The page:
The BBC is reporting a new study that suggests well designed classrooms boost the academic performance of primary school children…
Researchers from Salford University said the layout, construction and decoration of classes had a significant impact on reading, writing and maths.
Natural light, temperature, air quality and individualised classroom design were especially important, they said.
And whole-school factors, such as facilities and size, had less impact than the design of individual rooms.
Researchers funded by the Engineering and Physical Sciences Research Council carried out detailed surveys of 153 classrooms in 27 “very diverse” schools over a three-year period.
The team said differences in the physical characteristics of classrooms explained 16% of the variation in learning progress over a year for the 3,766 pupils included in the study.
It estimated the impact of moving an “average” child from the least to the most effective space would be about 1.3 sub-levels of the national curriculum – a big impact as pupils typically progress at a rate of two sub-levels a year.
The report’s author, Prof Peter Barrett, said there were three main factors involved in good design:
Of these, the last was the most significant, with air quality, light and temperature playing vital roles and together accounting for half the total impact, he said.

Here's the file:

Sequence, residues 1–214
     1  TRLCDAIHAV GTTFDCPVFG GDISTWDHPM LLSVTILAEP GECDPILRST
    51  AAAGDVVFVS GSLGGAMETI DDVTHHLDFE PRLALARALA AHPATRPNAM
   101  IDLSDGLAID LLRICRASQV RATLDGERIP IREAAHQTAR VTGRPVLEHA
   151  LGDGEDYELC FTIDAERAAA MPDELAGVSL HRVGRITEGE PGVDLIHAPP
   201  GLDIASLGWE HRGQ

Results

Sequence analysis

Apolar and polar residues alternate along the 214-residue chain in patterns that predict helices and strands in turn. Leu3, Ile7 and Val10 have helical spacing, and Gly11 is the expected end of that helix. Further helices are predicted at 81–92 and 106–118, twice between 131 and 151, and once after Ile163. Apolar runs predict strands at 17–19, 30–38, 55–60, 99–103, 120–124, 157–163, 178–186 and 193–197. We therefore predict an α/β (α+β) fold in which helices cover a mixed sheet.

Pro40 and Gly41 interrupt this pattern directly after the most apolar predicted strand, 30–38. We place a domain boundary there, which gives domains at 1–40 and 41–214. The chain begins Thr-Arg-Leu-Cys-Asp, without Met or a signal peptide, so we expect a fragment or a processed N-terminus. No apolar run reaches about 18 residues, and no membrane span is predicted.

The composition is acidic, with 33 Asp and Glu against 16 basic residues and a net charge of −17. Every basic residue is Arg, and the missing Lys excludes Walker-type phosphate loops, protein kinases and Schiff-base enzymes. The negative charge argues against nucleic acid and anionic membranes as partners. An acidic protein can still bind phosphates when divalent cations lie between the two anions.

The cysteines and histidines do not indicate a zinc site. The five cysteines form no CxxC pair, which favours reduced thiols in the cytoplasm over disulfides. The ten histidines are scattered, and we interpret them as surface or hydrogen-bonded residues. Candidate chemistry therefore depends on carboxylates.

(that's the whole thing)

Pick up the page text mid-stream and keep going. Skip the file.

“Humans are essentially animals, and their brains respond well to good natural conditions,” Prof Barrett said.
Prof Barrett said the team had been surprised to find individual classroom design played a much bigger role than whole-school factors, such as size, navigation routes, specialist facilities and play areas…
The team said the amount of visual stimulation – from displays on walls, for example – was also important.
Prof Barrett said: “You need a mid-level of visual stimulation. It is possible to have a classroom that is too plain – but it is equally true that you can overdo it…”
The full paper is available online at the Building Environment journal: The impact of classroom design on pupils’ learning: Final results of a holistic, multi-level analysis
Are you surprised at the impact the actual classroom design appears to have on academic performance? Please let us know in the comments or via Twitter…
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